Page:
Furthermore, students using an online paraphrasing system fail to demonstrate their understanding of the assessment task and hence fail to provide evidence of achieving learning outcomes. If they do not acknowledge the source of the text which they have put through the paraphrasing tool, they are also guilty of academic misconduct. On both counts, they would not merit a pass in the subject for which they submit such material.
In order to test the quality of output generated by some free Internet based paraphrasing tools and how the originality of the output is assessed by Turnitin®, the following experiment was conducted. A paragraph from an existing publication by this article’s authors from a prior edition of the International Journal of Educations Integrity (IJEI) was selected to be the original source material (McCarthy & Rogerson, 2009, p.49). To assess how a paraphrasing tool processes an in-text citation, one in-text citation was included (Thatcher, 2008). A set of three bibliographic entries from the reference list of the same article were also selected to test how references are interpreted.
As students are more likely to use Google as the Internet search engine of choice and rely on results near the top of page (Spievak & Hayes-Bohanan, 2016), this approach was used to identify and select some online paraphrasing tools for testing. The selected paragraph (including the in-text citation), and the selected references were entered into the first two hits on a Google search on www.google.com.au for ‘paraphrasing tools’. Consequently the sites used for the experiment were www.paraphrasing-tool.com (Tool 1) and www.goparaphrase.com (Tool 2).
The next step was to compare the outputs from the original journal article material to the outputs of Tool 1 and Tool 2. Exact matches to the original text were observed, tagged and highlighted in grey. Matches between the two paraphrasing outputs that did not match the original source were highlighted by placing the relevant text in a box. Contractions and unusual matches were highlighted by double underlining the text. For the first set of comparisons (paragraph with an in-text citation) the following summary characteristics were calculated: total word counts, total word matches and percentage of similarity to the original paragraph.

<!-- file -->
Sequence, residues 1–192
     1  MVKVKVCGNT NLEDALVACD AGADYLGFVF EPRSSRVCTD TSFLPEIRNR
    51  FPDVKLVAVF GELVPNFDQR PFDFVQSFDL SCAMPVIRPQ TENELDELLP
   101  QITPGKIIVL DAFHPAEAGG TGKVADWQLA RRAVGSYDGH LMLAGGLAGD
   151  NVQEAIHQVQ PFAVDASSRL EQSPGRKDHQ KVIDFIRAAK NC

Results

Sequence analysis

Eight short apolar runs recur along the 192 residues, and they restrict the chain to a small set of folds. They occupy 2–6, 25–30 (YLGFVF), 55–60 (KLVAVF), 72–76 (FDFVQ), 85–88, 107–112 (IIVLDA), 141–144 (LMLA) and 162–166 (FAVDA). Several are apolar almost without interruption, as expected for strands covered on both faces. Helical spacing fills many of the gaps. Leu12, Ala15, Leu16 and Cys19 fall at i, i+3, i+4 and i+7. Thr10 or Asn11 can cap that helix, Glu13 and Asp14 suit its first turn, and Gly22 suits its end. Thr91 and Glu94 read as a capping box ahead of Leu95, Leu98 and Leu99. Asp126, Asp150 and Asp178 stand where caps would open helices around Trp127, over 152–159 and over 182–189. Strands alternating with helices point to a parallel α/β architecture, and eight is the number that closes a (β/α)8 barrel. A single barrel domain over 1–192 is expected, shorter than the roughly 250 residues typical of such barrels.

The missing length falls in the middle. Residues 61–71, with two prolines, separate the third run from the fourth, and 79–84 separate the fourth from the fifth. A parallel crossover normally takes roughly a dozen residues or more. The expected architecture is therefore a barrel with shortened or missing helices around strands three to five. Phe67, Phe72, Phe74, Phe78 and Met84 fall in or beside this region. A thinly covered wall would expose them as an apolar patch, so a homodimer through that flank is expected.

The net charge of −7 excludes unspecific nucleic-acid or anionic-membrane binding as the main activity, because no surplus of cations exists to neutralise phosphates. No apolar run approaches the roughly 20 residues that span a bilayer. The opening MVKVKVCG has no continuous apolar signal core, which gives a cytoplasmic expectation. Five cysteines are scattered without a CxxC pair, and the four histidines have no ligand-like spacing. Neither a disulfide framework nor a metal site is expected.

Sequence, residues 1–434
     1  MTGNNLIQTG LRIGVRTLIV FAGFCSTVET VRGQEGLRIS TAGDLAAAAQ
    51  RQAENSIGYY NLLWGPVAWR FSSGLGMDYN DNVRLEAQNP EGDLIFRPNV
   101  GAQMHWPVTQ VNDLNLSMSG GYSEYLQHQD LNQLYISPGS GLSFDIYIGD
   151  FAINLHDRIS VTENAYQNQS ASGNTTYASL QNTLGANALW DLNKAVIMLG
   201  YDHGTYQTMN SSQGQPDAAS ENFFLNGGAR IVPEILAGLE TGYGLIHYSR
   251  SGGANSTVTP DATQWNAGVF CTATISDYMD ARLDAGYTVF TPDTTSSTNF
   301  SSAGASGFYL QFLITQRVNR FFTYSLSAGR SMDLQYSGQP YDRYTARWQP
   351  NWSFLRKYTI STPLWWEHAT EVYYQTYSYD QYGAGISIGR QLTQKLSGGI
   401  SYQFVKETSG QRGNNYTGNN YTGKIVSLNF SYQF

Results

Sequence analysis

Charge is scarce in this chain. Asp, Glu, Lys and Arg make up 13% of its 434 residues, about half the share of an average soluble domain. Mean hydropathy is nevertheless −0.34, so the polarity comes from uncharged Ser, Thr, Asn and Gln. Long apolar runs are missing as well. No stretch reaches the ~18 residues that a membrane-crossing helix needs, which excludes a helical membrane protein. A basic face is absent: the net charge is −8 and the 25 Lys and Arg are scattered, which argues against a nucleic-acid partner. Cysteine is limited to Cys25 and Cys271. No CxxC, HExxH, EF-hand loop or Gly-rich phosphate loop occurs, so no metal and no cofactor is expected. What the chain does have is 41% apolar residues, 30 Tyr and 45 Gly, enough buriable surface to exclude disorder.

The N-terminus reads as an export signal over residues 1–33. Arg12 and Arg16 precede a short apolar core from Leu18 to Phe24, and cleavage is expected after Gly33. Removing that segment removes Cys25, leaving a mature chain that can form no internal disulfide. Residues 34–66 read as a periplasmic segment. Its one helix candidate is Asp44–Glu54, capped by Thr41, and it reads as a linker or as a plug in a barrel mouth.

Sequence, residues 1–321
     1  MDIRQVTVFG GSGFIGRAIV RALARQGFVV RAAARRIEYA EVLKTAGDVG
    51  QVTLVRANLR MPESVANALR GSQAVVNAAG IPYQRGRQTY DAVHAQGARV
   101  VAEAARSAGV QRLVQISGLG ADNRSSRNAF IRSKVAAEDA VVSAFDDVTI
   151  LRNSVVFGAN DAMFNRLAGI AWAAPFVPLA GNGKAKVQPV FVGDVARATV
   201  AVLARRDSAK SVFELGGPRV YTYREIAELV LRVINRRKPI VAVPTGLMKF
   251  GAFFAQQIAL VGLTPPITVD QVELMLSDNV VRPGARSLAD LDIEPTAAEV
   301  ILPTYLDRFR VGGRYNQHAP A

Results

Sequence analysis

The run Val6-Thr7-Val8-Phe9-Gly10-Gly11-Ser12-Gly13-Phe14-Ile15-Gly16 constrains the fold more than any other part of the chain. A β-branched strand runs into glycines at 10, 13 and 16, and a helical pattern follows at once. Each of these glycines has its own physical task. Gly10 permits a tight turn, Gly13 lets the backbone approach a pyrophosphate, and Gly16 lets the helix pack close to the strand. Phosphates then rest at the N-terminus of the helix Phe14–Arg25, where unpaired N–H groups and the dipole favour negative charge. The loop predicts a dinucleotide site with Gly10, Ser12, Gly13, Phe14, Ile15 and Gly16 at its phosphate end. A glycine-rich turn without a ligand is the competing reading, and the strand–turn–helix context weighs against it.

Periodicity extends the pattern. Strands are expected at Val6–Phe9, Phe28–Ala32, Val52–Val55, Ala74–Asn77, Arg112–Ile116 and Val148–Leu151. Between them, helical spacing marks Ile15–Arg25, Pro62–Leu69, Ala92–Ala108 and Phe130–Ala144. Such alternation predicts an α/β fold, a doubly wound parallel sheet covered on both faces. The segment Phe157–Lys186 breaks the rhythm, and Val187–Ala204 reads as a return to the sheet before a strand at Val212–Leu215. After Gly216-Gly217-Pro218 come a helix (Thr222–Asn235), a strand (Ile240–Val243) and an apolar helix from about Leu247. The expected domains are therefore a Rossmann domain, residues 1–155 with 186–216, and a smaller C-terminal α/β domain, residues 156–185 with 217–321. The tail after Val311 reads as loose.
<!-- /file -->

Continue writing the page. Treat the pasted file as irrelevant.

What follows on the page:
In order to identify how Turnitin® interpreted the paragraph and bibliographic outputs from the paraphrasing tools, the original source material and two paraphrasing outputs were uploaded to Turnitin® to check whether the journal publication could be identified. Turnitin® comprises a suite of online educative writing and evaluation tools where assessment tasks can be uploaded, checked and assessed (www.turnitin.com). It can be accessed via the Internet or through an interface with an institutional learning management system (LMS). The originality checking area compares a submission against a range of previously published materials and a database of previously submitted assignments. The system generates an originality report where text that matches closely to a previously published or submitted source is highlighted by colour and number with links provided to publicly accessible materials. Matches to papers submitted at other institutions cannot be accessed without the express permission of the owning institution. As Baggaley and Spencer note (2005) Turnitin® originality reports require careful analysis, for the reports identify text “which may or may not have been correctly attributed” (Baggaley & Spencer, 2005, p. 56) and cannot be used as the sole determinant of whether or not a work is plagiarised or if source materials have been inappropriately used (Rogerson, 2014).
A separate Turnitin® assessment file was created for the experiment on an institutional academic integrity LMS site (Moodle) where a bank of dummy student profiles is available for testing purposes. Three dummy student accounts were used to load the individual ‘outputs’ under two assignment parts. The uploads included one instance of the source material in order to generate comparative originality reports for both the paragraph outputs (loaded under part 1) and the reference list outputs (loaded under part 2). For both sets of outputs the overall Turnitin® similarity percentages and document matches were reviewed for comparison purposes.
Comparison of paragraph elements
Words the same as original paragraph
Percentage of word similarity to original paragraph
There are obvious differences in how the online paraphrasing tools have reengineered the original work based on the number of identifiable matches between the original and output texts. For example there are differences in how words such as plagiarism are expressed (Original source: plagiarism; Tool 1: copyright infringement; Tool 2: counterfeit). Both tools have used additional words (Tool 1: additional five words; Tool 2: additional 20 words). The output from Tool 1 has used 77 words or 50% of the words in the original paragraph but these were predominately coordinating conjunctions. Tool 1 has followed the correct use of capitalisations in all words and sentences, however Tool 2 has not capitalised words such as English, and Chinese, but did capitalise seven random words mid-sentence (Audit, Numerous, Concerning, Likewise, Taking, and What’s). In addition Tool 2 used contractions (doesn’t) and the words ‘can have’ in the original have been reprocessed to ‘camwood’.
Turnitin originality score comparisons
Reference list comparisons
Turnitin® Paper ID
Turnitin® Paper ID